An RC transmission line is shown in Fig. 1. This may, for example, be the model of a CCD electrode. Ignoring any propagation time due to inductance, the voltage across the line *v*(*x*, *t*) at position *x* along the line and at time *t* satisfies the well-known diffusion equation
(1)
together with appropriate boundary conditions and initial condition. Here *r* and *c* are the uniform resistance and capacitance per unit length. It is a linear partial differential equation (PDE). The corresponding current in the line *i*(*x*, *t*) satisfies the same PDE and is related to the voltage *v*(*x*, *t*) by
(2)
A particular integral for the diffusion equation is
(3)
where *a*, *b*, *c* and *d* are constants and erfc(⋅) is the complementary error function defined by
(4)
A characteristic length *L* has been introduced so that the dimensionless (normalized) variables
(5)
and
(6)
can be used throughout the analysis. The corresponding dimensionless diffusion equation is
(7)
The unit step response of a semi-infinite line extending from *x* = 0 to infinity is found by imposing the boundary conditions
(8) (9)
where *u*(*t*) is the unit step function, and the initial condition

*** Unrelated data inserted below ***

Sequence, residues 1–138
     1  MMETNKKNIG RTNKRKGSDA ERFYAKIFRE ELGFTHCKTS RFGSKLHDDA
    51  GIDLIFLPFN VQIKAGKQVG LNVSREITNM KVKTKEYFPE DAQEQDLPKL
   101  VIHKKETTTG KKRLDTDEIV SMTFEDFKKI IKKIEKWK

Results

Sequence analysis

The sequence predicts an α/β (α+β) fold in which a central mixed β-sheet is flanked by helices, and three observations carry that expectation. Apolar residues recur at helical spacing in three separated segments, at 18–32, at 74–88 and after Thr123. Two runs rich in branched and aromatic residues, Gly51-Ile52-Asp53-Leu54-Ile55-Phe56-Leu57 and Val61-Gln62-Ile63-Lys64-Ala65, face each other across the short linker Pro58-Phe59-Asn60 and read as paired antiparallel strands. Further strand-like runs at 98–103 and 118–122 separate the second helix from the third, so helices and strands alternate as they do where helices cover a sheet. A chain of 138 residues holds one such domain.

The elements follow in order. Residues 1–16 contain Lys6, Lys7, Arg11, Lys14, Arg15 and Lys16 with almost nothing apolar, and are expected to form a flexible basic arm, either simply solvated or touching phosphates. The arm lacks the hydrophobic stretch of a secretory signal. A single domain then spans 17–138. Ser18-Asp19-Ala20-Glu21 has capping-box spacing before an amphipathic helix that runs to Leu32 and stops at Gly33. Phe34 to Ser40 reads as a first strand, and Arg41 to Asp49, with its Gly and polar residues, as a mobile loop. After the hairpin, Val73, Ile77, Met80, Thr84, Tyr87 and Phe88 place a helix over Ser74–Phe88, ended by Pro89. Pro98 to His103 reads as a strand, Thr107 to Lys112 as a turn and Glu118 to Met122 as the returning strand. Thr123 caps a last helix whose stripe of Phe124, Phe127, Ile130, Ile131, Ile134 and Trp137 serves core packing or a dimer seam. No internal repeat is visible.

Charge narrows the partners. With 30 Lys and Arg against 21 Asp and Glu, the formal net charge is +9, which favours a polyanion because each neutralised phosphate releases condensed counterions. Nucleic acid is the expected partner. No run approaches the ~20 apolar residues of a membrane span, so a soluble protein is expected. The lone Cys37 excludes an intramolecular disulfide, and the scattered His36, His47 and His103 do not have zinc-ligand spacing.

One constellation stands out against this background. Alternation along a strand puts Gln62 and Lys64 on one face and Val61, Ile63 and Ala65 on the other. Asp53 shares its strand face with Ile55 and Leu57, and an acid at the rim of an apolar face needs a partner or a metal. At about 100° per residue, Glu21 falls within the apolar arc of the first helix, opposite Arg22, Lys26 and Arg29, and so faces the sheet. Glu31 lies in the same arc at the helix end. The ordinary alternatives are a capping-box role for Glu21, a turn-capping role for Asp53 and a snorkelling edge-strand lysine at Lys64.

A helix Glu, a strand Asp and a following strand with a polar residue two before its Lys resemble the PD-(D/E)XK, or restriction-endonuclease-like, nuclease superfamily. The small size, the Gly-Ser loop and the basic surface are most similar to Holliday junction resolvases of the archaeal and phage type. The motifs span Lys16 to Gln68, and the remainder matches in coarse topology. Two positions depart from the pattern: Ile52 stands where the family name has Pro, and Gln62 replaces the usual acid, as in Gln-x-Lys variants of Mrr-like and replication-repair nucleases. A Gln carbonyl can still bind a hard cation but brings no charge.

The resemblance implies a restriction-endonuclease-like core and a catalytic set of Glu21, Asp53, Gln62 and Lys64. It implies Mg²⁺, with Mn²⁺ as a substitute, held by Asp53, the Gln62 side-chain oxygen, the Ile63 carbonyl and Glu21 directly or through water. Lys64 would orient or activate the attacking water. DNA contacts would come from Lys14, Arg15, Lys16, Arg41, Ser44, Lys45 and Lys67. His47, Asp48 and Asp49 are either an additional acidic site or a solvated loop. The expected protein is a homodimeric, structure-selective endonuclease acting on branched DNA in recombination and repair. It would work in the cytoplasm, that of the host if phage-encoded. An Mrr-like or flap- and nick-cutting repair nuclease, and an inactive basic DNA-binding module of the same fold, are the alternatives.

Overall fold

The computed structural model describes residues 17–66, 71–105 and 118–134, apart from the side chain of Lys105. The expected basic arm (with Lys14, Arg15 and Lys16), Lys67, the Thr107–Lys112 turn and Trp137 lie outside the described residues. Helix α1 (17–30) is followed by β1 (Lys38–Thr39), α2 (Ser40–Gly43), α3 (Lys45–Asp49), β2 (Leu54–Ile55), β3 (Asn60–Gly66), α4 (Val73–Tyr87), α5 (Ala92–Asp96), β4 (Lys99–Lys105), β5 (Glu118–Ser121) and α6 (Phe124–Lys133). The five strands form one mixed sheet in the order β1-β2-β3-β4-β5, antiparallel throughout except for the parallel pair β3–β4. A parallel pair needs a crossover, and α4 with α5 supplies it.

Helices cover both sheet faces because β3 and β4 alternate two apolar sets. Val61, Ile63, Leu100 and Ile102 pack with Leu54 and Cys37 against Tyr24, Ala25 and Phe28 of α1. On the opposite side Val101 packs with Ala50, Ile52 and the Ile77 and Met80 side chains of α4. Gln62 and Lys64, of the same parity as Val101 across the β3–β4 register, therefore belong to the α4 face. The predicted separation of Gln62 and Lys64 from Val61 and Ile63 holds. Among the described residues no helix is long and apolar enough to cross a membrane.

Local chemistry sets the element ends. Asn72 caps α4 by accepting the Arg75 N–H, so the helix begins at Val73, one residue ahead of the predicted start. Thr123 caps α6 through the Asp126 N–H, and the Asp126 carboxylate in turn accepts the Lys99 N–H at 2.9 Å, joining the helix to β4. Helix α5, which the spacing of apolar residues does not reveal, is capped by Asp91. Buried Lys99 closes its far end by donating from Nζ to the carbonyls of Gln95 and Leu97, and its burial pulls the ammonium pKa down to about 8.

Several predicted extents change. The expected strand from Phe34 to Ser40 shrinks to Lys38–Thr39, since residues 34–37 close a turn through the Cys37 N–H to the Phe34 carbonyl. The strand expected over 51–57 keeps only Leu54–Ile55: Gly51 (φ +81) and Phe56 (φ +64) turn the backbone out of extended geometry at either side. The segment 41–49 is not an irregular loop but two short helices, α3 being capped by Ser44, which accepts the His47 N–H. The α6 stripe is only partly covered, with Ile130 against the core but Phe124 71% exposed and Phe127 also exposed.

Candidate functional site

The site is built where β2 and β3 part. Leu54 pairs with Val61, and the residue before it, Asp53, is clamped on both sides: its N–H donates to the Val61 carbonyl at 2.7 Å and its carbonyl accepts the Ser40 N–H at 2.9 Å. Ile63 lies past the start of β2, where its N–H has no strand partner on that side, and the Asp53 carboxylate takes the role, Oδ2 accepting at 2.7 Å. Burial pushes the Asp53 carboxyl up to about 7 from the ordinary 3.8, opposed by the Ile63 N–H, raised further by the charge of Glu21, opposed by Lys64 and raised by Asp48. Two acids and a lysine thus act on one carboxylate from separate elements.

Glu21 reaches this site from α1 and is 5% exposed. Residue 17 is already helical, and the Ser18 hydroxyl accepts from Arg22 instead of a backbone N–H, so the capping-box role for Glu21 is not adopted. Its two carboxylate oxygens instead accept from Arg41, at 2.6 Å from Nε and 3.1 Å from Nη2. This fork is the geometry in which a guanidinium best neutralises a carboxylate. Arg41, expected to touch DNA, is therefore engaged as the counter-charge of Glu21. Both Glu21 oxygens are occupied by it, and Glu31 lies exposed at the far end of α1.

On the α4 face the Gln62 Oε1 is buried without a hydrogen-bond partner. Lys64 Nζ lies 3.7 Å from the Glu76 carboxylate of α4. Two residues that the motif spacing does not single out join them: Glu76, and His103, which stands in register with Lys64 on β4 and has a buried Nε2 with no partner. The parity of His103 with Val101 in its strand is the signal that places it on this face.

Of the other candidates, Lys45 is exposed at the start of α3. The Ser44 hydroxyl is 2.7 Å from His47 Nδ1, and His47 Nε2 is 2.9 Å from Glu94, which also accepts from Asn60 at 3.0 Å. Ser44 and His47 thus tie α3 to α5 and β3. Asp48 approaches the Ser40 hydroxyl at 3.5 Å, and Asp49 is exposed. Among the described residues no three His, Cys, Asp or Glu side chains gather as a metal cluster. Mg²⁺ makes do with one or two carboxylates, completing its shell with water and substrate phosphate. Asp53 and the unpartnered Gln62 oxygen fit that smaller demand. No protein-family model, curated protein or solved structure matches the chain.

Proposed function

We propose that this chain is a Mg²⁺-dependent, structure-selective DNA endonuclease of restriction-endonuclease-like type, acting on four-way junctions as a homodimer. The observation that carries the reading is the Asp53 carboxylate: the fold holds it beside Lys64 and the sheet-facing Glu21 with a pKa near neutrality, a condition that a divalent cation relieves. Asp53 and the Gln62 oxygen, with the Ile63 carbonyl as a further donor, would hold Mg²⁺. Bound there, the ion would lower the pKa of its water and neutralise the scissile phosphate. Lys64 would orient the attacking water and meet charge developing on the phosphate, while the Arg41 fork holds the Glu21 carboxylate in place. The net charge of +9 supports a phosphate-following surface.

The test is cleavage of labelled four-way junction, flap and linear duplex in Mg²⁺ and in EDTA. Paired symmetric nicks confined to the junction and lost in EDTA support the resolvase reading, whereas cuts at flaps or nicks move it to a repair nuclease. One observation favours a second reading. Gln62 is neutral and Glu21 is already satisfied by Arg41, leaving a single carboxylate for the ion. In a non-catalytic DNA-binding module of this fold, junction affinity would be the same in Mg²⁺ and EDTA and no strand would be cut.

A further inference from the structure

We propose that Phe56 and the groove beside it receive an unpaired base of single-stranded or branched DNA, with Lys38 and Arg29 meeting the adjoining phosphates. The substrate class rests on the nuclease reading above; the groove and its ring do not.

(10)
Therefore *a* = 1, and *b*, *c* and *d* must be zero, and so the unit step response of the semi-infinite line is
(11)
or
(12)

### Finite RC Transmission Line with Open-Circuit Termination

Consider an RC transmission line of finite length *L* with open-circuit termination, as shown in Fig. 1, fed with a unit step function of voltage. Rao has solved this case by using the Laplace transform technique [5]. For the Laplace transform of the voltage step response *v*(*x*, *t*) he obtains
(13)
for 0 ≤ *x* ≤ *L*. By directly inverting this Laplace transform Rao obtains the following infinite series for the unit step response:
(14)
Then, by using the expansion
(15)
so that
(16)
he performs an alternative inversion of the Laplace transform (13) and obtains another, but equivalent, infinite series for the unit step response:
(17)